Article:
As a professional makeup artist, I’ve had plenty of time to question the moral correctness of makeup. A YouTube tutorial ends with a completely different person describing their technique after an hour-long application. Some commentators have described these transformations as “false advertising,” insinuating that makeup artists are producing a distorted image of themselves. Nikki Tutorials, a well known beauty vlogger, started an Instagram campaign known as ‘The Power of Makeup’; which shows makeup artists and makeup fanatics alike baring their half made-up faces in an effort to empower women. The partly naked face says they are confident before and after the cosmetic metamorphosis. However, when most women crack open mascara in their everyday lives, do we believe Psalm 139:14 that we are “fearfully and wonderfully made?”

To delve into this moral dilemma on the value we place on beauty, I sought the wisdom of the Bible. The lie of any adornment is that we aren’t made intentionally without it. Perpetuating an impossible beauty standard creates a society unable to appreciate the differences that make us all beautiful. Makeup is a valid and respected medium for self-expression. Yet, how can the pursuit of facial uniformity be artistic? Some of the greatest painters of our time are recognized for their honesty and fearlessness in depicting everyday life. Rockwell, Goya, and Rembrandt are a few of the artists that allowed us to see beauty in the seemingly ordinary. Recognizing the allure of what God has already made beautiful invites us to enjoy His intention in making it. Everything that makes you different was made on purpose to create a perfectly wonderful you.

But makeup is fun. The reason to question wearing makeup is to ask our intention. What does it mean to count on idealized beauty to give us value? The deceit of all trends in makeup, hair, jewelry and clothes is that they make you beautiful. Although these embellishments are allowed in the eyes of God, nothing should cloud our reverence for what He has made us to be. Paul spoke to the church of Corinth about moderation, saying “All things are lawful for me, but not all things are helpful.” (1 Corinthians 6:12) Striving for the worldly ideal of beauty may undermine this call for restraint.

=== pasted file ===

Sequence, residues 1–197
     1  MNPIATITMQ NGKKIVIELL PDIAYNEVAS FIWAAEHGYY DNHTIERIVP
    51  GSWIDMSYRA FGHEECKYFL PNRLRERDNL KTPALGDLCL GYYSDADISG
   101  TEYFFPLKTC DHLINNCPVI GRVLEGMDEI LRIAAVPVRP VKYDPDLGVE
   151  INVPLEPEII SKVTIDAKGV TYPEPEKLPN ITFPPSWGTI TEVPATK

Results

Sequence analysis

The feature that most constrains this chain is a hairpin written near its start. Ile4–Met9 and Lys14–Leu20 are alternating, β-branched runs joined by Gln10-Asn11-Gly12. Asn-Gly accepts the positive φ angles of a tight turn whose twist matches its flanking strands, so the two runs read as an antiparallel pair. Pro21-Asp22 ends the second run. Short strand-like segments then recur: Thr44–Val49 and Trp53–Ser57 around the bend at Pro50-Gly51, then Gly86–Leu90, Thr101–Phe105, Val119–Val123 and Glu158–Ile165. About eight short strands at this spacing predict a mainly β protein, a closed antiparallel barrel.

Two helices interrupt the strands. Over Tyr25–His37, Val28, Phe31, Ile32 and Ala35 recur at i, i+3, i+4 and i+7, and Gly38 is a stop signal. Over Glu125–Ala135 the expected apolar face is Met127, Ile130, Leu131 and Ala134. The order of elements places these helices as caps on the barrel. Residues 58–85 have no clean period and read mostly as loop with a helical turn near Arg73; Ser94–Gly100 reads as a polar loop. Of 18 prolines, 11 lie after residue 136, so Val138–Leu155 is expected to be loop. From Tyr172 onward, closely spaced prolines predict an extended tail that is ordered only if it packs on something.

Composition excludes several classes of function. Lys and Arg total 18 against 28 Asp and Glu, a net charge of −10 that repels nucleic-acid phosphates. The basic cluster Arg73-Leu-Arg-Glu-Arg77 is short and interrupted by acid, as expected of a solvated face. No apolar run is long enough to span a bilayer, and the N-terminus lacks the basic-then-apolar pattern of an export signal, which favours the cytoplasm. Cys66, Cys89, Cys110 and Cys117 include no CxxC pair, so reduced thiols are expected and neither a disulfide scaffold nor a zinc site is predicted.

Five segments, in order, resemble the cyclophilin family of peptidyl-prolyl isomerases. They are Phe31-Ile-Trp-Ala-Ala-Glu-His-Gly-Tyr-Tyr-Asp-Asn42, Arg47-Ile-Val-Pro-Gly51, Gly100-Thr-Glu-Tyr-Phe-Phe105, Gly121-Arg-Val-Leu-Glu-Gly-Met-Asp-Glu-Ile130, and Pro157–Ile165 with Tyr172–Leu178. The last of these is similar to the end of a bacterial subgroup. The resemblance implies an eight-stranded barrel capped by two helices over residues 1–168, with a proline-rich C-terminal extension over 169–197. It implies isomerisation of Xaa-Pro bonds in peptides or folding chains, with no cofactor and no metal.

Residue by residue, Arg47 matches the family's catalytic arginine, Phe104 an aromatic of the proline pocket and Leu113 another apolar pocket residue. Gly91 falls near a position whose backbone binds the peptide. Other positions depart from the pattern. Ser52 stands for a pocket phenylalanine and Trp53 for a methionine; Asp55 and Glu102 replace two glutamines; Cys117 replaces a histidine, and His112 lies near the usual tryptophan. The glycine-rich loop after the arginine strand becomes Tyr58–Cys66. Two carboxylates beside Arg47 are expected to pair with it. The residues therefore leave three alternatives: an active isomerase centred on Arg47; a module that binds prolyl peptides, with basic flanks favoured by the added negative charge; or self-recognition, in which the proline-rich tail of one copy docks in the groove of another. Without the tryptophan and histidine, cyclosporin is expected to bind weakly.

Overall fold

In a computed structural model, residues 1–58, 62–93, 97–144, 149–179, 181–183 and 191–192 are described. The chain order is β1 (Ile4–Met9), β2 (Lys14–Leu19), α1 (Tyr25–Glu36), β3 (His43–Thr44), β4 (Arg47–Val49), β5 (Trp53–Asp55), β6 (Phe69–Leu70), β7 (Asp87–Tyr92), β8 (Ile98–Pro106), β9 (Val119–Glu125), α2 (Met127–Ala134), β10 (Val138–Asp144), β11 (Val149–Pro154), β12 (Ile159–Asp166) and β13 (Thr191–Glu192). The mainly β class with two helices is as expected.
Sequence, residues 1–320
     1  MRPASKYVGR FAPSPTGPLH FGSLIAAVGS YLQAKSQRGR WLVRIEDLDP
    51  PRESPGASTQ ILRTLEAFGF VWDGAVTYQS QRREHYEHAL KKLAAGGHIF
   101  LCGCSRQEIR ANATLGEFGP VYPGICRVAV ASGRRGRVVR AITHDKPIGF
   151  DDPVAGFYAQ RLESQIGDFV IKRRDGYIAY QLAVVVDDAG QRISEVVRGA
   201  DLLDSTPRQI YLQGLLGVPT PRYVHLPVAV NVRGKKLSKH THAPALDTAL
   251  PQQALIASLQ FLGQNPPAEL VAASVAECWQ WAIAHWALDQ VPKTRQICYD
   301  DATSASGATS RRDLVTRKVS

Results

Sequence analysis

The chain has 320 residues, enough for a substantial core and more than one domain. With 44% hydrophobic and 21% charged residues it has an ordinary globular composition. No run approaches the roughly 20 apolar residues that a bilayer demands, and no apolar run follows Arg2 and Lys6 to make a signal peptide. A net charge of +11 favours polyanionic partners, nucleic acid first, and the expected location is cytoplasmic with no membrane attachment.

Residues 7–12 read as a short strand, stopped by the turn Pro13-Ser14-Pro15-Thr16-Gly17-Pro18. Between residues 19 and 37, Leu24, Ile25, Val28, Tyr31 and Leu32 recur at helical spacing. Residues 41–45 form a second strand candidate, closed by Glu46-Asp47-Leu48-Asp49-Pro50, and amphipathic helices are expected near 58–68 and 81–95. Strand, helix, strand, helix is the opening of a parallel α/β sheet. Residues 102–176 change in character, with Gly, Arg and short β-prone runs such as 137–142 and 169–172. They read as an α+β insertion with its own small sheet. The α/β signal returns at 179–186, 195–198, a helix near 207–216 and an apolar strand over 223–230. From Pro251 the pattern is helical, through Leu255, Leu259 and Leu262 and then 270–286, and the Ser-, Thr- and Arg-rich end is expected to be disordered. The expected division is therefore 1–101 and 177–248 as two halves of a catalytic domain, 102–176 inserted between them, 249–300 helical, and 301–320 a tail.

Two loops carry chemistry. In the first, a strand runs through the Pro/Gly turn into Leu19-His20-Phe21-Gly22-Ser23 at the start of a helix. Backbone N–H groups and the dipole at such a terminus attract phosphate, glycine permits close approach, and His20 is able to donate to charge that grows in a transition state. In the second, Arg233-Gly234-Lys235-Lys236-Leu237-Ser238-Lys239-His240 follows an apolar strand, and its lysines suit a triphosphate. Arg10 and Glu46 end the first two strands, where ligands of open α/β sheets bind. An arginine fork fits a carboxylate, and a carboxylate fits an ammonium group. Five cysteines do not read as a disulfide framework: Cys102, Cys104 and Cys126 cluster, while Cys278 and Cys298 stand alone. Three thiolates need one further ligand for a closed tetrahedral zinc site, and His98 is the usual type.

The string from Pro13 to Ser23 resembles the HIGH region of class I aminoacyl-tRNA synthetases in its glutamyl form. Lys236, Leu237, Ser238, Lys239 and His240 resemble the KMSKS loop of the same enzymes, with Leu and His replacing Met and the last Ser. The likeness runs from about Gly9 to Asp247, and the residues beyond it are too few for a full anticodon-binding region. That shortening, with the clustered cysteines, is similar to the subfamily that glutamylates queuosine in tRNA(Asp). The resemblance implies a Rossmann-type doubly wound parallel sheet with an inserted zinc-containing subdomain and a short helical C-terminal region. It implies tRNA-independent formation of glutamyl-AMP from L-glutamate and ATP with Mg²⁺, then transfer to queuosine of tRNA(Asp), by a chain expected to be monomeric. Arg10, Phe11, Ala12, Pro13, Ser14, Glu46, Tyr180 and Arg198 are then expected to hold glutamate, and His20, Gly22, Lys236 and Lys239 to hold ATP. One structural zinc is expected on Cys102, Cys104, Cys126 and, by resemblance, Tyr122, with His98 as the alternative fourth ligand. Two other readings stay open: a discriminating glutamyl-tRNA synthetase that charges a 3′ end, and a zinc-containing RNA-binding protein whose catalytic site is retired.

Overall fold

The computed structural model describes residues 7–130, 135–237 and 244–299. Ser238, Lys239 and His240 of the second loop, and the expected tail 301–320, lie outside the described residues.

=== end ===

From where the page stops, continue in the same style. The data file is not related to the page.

In 1 Peter 3:3 we read “Do not let your adorning be external,” which references styling your hair as well as the wearing of jewelry and fine clothes. This verse can also be used to describe any other adornment such as makeup. Peter was speaking to women about avoiding the beautification practices of the Egyptian women, who spent hours perfecting their appearance instead of their hearts. The current trend on social media is contouring, a process in which lighter and darker foundation shades are used to exaggerate the cheekbones and other high points of the face to produce a more chiseled structure. This has become the norm for many women, as they make it part of their daily beauty regimen and share the results on social media. The naturally unachievable nature of this practice begs the question “But who are you, O man, to answer back to God? Will what is molded say to its molder, ‘Why have you made me like this?’” (Romans 9:20)

Our confidence should come from the fact that God made us deliberately,  in His own image” (Genesis 1:27), with our talents and shortcomings, for His kingdom. As women who want to be pleasing to God, our greatest call is to love all of God’s creations with their faults; including our own. Creating an image for the world that is unrecognizable from His blueprint for us proves we didn’t trust Him to make us correctly. “For am I now seeking the approval of man, or of God? Or am I trying to please man? If I were still trying to please man, I would not be a servant of Christ.” (Galatians 1:10) He made us more than charming and externally beautiful, which the Bible says are deceptive and fleeting, respectively. Although social media and trends decide what is beautiful to the world, your beauty, as Peter put it, “should be that of your inner self, the unfading beauty of a gentle and quiet spirit, which is of great worth in God’s sight.” (1 Peter 3:4)


The art of makeup is a beautiful thing. However, we must constantly examine our hearts to ensure our intentions for embellishments don’t define who we are, but rather help us express who we are. Do you believe that you are fearfully and wonderfully made? How can you live out that truth today?

Celeste Fondeur

Celeste is a Brooklyn-based makeup artist and student with a heart for sharing important truths. When she isn’t writing, you can find her doing yoga or trying new vegan recipes. She finds God in the little beauties of life, from a perfect sunset to a kind word.

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